Falcon Guides releases new editions of two hiking books by Lisa Densmore Ballard.
I’ve hiked Goodnow Mountain only once before, while working on my guidebook Hiking the Adirondacks. I wonder if anything has changed in the five years since.
By Tom Woodman Larry Master walks slowly along the paths on his property. There’s much to take in as he shows a visitor around and plenty of time to open the senses to the natural world. Tracks in the soft spring snow are mostly red squirrel, snowshoe hare, and coyote. There are a few from turkeys and deer. The coyote tracks curve back and forth across the paths and swing by a beaver lodge along the West Branch of the Ausable River. Just checking. The squirrel tracks are straight and purposeful lines, the shortest distance between the woods on either >>More
Climbers put up more than a hundred new routes on huge cliffs opened to the public after the purchase of IP timberlands. By Phil Brown Over the past two decades, the state has purchased conservation easements on some 750,000 acres in the Adirondack Park. These timberlands are protected from development, and many of them are open to the public for recreation. In theory, at least. In reality, most visitors to the Adirondacks seldom, if ever, set foot on easement lands. Partly, that’s because they don’t know where they can go or what they can do. The cliffs on Silver Lake >>More
Two paddlers explore one of the Adirondacks’ largest motor-free lakes, discovering tranquility, beautiful scenery, and a few loons. By Ethan Rouen Sitting in a canoe surrounded by nine miles of water always feels dramatic, but sharing those nine miles with no one but your paddling partner and the occasional loon is transcendent. It was 7:30 on a weeknight, and my wife, Kim, and I had been paddling from the Bog River through Lows Lake for almost eight hours. Moments before, I was a bit panicked. We (okay, I) had lost our map several miles back, and the campsite where >>More
Judge rules that ‘Explorer’ editor did not trespass when he paddled through private property, but the landowners plan to appeal. By Kenneth Aaron The owners of a scenic, remote Adirondack waterway plan to appeal a judge’s decision declaring that the route is open to paddlers under the common-law public right of navigation. In February, State Supreme Court Justice Richard T. Aulisi said the Friends of Thayer Lake and the Brandreth Park Association had created a public nuisance by posting no-trespassing signs and stringing cables across the contested waterway. The judge dismissed all the complaints against Adirondack Explorer Editor Phil Brown, >>More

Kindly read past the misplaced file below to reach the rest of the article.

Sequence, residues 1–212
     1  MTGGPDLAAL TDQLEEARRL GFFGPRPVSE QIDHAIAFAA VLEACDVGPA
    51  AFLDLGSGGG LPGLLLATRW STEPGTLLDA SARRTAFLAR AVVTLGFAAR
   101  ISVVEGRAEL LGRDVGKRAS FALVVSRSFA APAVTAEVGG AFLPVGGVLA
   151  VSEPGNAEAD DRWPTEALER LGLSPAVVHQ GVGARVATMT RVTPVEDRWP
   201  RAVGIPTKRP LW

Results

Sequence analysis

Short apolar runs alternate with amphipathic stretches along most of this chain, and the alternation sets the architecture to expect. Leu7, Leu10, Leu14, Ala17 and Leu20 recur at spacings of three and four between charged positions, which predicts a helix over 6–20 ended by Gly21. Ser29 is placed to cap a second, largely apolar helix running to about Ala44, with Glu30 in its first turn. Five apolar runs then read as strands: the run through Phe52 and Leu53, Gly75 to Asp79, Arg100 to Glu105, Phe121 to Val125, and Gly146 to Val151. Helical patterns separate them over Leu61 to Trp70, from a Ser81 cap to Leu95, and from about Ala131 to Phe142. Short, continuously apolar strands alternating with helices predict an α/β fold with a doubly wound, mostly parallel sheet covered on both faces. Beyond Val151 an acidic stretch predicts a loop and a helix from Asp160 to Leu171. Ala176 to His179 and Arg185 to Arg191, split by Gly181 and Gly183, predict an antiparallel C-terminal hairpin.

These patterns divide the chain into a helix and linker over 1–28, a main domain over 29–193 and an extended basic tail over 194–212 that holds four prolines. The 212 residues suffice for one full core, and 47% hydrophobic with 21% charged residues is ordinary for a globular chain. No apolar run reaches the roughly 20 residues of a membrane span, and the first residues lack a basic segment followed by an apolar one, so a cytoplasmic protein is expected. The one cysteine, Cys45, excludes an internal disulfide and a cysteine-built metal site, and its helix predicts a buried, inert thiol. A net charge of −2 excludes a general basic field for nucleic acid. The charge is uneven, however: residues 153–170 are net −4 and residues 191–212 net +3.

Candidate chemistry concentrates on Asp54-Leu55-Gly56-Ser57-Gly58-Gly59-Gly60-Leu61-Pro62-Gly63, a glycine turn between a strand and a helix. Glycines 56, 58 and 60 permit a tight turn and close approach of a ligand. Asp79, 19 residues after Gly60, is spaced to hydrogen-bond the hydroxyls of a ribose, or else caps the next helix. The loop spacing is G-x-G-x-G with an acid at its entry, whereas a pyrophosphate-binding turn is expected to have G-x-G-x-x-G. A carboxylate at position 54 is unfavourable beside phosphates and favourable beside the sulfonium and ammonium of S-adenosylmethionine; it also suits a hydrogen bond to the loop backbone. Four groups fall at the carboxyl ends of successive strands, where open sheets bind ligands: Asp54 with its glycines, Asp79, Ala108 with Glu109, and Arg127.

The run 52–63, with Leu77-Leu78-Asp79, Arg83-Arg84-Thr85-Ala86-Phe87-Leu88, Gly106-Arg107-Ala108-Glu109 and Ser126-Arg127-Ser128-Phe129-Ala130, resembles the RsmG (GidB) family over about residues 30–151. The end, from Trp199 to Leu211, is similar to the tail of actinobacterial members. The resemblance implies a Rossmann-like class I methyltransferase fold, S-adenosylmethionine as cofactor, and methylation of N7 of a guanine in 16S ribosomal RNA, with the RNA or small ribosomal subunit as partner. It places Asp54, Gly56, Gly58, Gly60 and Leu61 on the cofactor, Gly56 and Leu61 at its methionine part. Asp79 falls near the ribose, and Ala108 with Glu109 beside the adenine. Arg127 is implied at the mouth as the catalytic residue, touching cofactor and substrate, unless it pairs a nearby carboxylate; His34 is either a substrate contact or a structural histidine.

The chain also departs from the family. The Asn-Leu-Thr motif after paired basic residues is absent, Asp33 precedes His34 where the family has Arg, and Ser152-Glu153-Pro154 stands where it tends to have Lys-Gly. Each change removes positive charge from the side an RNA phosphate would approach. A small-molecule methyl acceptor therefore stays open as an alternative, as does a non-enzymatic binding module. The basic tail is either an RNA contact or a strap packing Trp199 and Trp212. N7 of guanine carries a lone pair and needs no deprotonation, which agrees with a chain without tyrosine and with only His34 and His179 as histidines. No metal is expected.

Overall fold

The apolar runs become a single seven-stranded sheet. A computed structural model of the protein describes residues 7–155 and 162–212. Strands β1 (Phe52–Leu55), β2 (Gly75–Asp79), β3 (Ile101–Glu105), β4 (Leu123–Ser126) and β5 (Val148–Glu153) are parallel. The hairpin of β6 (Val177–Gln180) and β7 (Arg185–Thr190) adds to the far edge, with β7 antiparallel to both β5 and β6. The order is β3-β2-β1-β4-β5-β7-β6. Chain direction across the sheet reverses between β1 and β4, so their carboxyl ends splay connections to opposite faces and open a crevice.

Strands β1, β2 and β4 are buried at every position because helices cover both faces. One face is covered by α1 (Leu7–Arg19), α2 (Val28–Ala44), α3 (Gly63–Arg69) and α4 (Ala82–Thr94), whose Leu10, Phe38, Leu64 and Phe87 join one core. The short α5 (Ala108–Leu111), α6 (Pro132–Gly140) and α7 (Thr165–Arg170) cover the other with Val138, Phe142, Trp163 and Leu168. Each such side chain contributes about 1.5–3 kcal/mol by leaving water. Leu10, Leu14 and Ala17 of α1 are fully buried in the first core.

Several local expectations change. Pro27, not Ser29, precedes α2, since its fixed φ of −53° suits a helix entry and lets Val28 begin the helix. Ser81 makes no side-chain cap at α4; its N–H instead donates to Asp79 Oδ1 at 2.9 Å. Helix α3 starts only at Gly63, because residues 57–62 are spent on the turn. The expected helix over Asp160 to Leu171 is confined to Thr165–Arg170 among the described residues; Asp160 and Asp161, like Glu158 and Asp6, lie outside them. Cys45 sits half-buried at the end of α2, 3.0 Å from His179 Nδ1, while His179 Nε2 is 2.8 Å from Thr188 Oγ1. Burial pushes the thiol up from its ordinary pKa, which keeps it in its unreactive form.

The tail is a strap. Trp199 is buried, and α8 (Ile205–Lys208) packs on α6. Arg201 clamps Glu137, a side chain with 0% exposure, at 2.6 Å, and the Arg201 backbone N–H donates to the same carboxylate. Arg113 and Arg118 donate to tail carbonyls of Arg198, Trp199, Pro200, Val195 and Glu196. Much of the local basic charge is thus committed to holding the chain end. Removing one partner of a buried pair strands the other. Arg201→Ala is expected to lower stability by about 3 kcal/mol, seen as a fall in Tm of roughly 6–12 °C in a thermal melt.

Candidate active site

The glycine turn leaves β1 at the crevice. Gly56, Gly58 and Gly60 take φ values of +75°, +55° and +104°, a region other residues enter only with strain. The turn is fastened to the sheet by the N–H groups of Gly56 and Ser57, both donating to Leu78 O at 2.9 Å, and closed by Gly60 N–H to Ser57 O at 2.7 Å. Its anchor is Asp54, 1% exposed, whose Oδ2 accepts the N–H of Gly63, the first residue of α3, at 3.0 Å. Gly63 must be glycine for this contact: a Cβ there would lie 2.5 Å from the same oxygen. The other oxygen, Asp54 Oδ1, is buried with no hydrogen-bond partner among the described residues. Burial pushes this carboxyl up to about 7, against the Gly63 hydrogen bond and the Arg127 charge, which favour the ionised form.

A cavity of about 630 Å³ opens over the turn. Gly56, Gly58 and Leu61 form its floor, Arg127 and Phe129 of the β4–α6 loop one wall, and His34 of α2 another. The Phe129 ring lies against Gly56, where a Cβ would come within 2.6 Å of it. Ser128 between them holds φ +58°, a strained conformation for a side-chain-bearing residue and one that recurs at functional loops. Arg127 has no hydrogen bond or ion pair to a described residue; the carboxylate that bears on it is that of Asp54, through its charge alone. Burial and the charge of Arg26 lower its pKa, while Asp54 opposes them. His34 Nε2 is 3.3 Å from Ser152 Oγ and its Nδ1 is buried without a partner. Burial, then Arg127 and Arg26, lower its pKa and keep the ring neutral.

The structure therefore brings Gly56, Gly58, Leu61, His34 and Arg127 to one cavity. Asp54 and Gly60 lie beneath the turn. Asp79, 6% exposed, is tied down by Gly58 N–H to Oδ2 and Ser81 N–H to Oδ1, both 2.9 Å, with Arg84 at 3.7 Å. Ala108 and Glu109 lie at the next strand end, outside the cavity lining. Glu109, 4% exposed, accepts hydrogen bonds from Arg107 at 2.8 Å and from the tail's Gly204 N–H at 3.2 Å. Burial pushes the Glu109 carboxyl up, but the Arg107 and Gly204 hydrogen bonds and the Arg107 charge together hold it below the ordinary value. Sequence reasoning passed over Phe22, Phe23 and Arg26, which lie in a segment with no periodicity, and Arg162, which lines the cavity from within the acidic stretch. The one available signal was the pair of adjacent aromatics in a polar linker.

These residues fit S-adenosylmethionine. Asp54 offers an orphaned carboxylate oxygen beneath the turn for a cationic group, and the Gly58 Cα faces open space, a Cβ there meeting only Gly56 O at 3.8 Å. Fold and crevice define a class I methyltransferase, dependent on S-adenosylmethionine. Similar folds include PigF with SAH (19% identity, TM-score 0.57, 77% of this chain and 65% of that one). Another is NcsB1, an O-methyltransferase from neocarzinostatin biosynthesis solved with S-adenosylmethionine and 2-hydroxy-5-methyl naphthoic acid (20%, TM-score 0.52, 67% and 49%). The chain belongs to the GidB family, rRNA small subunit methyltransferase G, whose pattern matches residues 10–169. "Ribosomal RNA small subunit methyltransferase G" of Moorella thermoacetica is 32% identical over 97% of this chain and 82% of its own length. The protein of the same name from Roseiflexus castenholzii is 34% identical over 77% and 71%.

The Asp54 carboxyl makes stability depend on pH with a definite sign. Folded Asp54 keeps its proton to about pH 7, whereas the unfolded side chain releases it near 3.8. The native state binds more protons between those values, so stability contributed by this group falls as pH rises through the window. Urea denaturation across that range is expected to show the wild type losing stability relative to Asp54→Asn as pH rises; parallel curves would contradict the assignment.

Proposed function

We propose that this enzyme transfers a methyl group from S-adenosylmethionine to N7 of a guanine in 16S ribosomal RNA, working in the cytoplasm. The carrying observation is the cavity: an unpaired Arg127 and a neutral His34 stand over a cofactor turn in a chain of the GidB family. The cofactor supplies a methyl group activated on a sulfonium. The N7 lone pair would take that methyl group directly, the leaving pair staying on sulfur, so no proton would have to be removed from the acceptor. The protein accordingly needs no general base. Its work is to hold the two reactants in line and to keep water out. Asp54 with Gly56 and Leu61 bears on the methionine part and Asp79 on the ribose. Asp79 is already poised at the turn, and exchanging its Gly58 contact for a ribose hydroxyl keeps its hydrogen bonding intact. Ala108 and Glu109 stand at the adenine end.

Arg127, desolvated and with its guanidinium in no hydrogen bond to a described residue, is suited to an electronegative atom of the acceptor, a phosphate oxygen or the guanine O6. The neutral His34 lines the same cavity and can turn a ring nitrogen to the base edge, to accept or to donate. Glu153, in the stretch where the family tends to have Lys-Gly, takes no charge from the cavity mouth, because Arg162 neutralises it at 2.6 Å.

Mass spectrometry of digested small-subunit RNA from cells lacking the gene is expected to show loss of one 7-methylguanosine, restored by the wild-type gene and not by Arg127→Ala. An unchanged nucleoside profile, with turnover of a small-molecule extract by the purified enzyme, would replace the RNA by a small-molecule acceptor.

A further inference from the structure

The state needs to do much more to protect shorelines, uplands, and the privately owned backcountry. By Philip Terrie In the Adirondacks, we often point with pride to the extraordinary oddness of the Adirondack Park. From Manhattan’s Central Park to California’s Yosemite, Americans have gotten used to parks with neat boundaries enclosing a domain wholly owned by the people. Because the land within the boundary is public and that outside private, when you walk or drive across that boundary, you’ve gone from one sort of place to another. You have certain expectations outside that boundary, which are different from >>More
Agency says the public has the right to travel on a disputed stretch of Shingle Shanty Brook. By Phil Brown Weighing in on a long-running controversy, the state Department of Environmental Conservation says the public has the right to paddle through private land on Shingle Shanty Brook and adjoining waterways that connect two pieces of state land in the Whitney Wilderness. What’s more, DEC has ordered the landowners to remove cables and no-trespassing signs intended to deter the public from paddling the waterways. DEC issued the order after failing to reach an agreement with the landowners—the Brandreth Park Association and >>More
Fight over Finch lands / 6 Environmentalists fault DEC’s plan for the Essex Chain of Lakes, saying the region should be a motor-free Wilderness. Skiing to a wild river / 12 Tom Woodman hooks up with a pair of locals to ski through the woods near Cranberry Lake to the Oswegatchie Flow. Backcountry cruise / 14 If you ever wanted to ski off a summit, you won’t find an easier one than Moose River Mountain near Old Forge. Designing the Park / 16 Critics say the land-use regulations need to be updated to reflect modern principles of “smart growth.” Clear-cut >>More
By Tom Woodman Part way through a presentation on a North Country Sustainability Study in January, an audience member commented: “The days of environmentalism and economic development being strange bedfellows are long gone. Now they work together.” Sadly this was an overstatement—in many cases development efforts are not compatible with sound environmental policy. But this hopeful person did put his finger on an encouraging trend. Planners are recognizing that environmental-protection efforts are themselves economic opportunities. It’s an awareness that underlies the approach the leaders of the sustainability study have taken. Building on work begun following a climate-change conference in the >>More